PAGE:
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“Take Five” Management Series

This is the first in a series of JJIMS “Take Five” articles designed to help managers deal with the rapid pace and ever constant changes in business today, and the challenges that come with them.

Avoiding Flameout

We see it all too often. Someone is doing great work, rising in value and reputation in their organization and the industry. People are chattering about them. First they are known as up and comers, and then seen as dependable leaders and in time become stalwarts in the industry. They become known for solid work ethic. They have a large threshold for work. They are innovative, smart, and have the right touch with people. They have arrived. The company takes notice, and gives them additional responsibilities.  Great companies set them up to succeed with training needed to acquire the necessary additional tools. But companies that are cost stressed may not have the resources. They promote you, and you are on your own. As the aspirants climb up the ladder, they need more skills to work with and enhance the company’s culture, additional direct reports, different sets of colleagues, disparate workplaces, and complicated company matrices that can stonewall or slow a process down. Along the way, they may find too many cooks in the kitchen, leading to accountability and empowerment issues and roadblocks that make it exhaustive to get some of the simplest things done, and in a timely manner. Meanwhile, they also find they have to migrate through an increasingly political corporate culture, something that is even more prevalent today as executives border on flameout are more engaged in hanging onto their jobs vs. pushing the business forward. Some find themselves in a “Survivor game” and trust levels go way down. With the additional workloads in our business today, people are performing multiple jobs, none of them easy. Many work in multiple cities. They work hard to best perform their jobs, but often feel they are simply juggling plates all day long. They convince themselves they are being effective but when they truly look in the mirror they realize they are stretched beyond their current capabilities. They don’t feel they have the time to truly be an effective Leader. Due to time pressures and getting bogged down with administrative work, they become less proactive, and increasingly reactive. They tend to be more autocratic and less communicative. They stop listening. Mentorship and Coaching take a back seat, if any seat at all. There is the expectation that the company will provide the assistance, but the necessary training is not provided or acquired. It’s hard to do this without help. The chance to mentorand coach to uncover dreams, and grow functional staffers into tomorrow’s leaders, can slip away. Managers these days find themselves stumbling out of bed into work and stumbling out of work into bed. There is little life/work balance. It simply “is what it is”. Somewhere in the process, the levee breaks. If the leader is not careful he/she can become distracted, disassociated, disengaged and then flame out.  People start saying ”He/she was so good at what they did, what happened to them”, or “I guess they lost touch?” or “They became complacent” or “They were over their head”. Many flameouts are going to happen to people who could otherwise be great leaders. Most companies will be reticent to condone additional headcount to prevent flameout so we need to find other ways to deal with the current reality. People quite often are promoted, but not afforded the tools needed to meet their new challenges. Here are a few initial steps you can take to cope with this reality. First Steps to “Avoiding Flameout” Most important, make a commitment to self investment. We know how important training is, but in cash strapped times, company provided training can take a back seat. Great companies understand the importance of this and make training opportunities the last place to cut. Because of this, they usually find themselves with a solid succession plan and a line-up of recruits. But what if you work for a company that is unable to or unwilling to provide the resources? The answer is for you to invest in you. A lot of potential flame out victims will say “but I don’t have the time or the personal resources.” If someone told you that investing in yourself, while taking personal time and expense on the front end, would get you more time and considerable financial rewards on the back end, would you do it? The best time to act on this was many years ago—the next best time is now. Create a “Personal Board of Directors.” Identify half a dozen people you know and respect who can and will help guide you. They are people you respect, have great business and/or life experience and success, and will level with you. These are people who are not hesitant to tell you when you’re headed in the right direction and when you are going down the wrong path. They should generally not be people you work for, rather esteemed colleagues from various fields. For instance a Board could consist of a finance counselor, an HR advisor, someone with a medical background, someone close to the ground in your industry, a close family friend etc. They are there for you individually on an ad hoc basis. How to do recruit your Personal Board of Directors? If someone appeals to you for help in the areas of mentoring, and being a sounding board as a personal Board member, how would you feel? Most would say “honoured”. Don’t hesitate to reach out. They can only say no but you would be surprised how many takes you will have if you are genuine. Consider investing in a Coach. Some of the world’s top athletes and executives have Coaches. Why do the best on the planet, need a Coach? Very simply, they are the ones savvy enough to make sure they keep the saw sharp and avoid flameout. The perception of Coaching has changed drastically over the years. Here is the 25 year evolution of Coaching:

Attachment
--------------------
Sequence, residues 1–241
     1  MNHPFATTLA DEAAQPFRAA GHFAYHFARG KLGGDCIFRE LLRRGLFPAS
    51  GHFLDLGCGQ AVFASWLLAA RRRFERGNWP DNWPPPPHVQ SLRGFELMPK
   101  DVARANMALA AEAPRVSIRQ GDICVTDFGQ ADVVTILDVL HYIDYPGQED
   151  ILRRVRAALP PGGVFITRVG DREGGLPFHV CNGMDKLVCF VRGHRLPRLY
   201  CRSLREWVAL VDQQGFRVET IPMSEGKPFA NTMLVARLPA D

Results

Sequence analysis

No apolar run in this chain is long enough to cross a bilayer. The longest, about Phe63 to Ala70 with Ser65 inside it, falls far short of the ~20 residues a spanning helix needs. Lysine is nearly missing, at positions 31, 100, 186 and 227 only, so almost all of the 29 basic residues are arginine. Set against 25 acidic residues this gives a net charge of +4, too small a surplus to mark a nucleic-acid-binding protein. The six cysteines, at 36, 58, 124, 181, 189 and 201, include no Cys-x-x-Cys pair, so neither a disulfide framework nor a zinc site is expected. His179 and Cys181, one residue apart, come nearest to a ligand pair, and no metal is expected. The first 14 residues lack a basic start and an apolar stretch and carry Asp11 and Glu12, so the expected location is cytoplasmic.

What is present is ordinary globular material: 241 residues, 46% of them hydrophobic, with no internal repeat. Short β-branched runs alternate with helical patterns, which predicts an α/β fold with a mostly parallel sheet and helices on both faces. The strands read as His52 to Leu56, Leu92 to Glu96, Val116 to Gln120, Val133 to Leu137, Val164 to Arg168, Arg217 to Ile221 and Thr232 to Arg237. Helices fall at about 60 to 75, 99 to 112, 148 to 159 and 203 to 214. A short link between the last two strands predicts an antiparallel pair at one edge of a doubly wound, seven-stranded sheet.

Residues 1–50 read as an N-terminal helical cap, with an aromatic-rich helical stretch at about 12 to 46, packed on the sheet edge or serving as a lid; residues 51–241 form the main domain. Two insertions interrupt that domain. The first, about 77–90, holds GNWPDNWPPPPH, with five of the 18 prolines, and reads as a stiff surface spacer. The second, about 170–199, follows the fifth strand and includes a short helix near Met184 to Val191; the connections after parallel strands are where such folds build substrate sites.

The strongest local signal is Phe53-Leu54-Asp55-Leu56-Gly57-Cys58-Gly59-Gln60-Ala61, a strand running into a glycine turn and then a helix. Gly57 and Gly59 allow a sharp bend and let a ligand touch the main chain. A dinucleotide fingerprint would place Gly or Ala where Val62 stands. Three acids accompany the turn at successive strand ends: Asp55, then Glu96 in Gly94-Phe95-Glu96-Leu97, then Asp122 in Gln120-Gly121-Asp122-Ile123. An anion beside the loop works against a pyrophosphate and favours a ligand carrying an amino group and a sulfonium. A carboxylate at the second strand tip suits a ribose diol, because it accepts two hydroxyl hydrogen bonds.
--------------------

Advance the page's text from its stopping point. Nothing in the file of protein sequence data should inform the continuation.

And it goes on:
• Late 1980s: “I’ve been assigned a coach? What’s a coach?”
  • Early 1990s: “Get a coach? They are like the company psychiatrist right?”
  • Mid-to-late 1990s: “Get a coach? Am I in some kind of trouble? Am I going to lose my job?”
  • Early 2000s: “You’re getting me a coach? Thank you – I think. ”
  • Mid-to-late 2000s: “You are giving me a coach? Wow. Thank you”
  • Now: “A coach? Great. How does this work? How long is the process? Can I be part of the process to choose one?”
Until recently, Coaching was mostly provided by employers. Today, Coaches are in greater demand and 50% of Coaching is initiated by individuals. They are either in situations where their company cannot or will not foot the cost, or they would rather be discreet about their aspirations. They make a personal investment to receive the help needed to identify and reach their potential. In ensuing issues of the Take 5 series “Avoiding Flameout” we will discuss the following key areas and more; -       Job Role Clarity -       Empowerment -       Inclusivity -       Priority Management -       Clear and Effective Communication -       Delegation- A fine art -       Trust. What it is and how to build it -       Self Management and Preservation -       Work Life Balance JJ-Johnston   Jim JJ Johnston is a Co chair of CMW 2014 and nine time Canada’s “Program Director of the Year” winner. His successful leadership roles in Media/Management include Corus Radio, Standard Radio, and Moffat Communications. He is CEO, President and Executive Coach at JJ International Media/Management Solutions and is working with a number of media and non media companies to help them expedite their business growth. Reach him at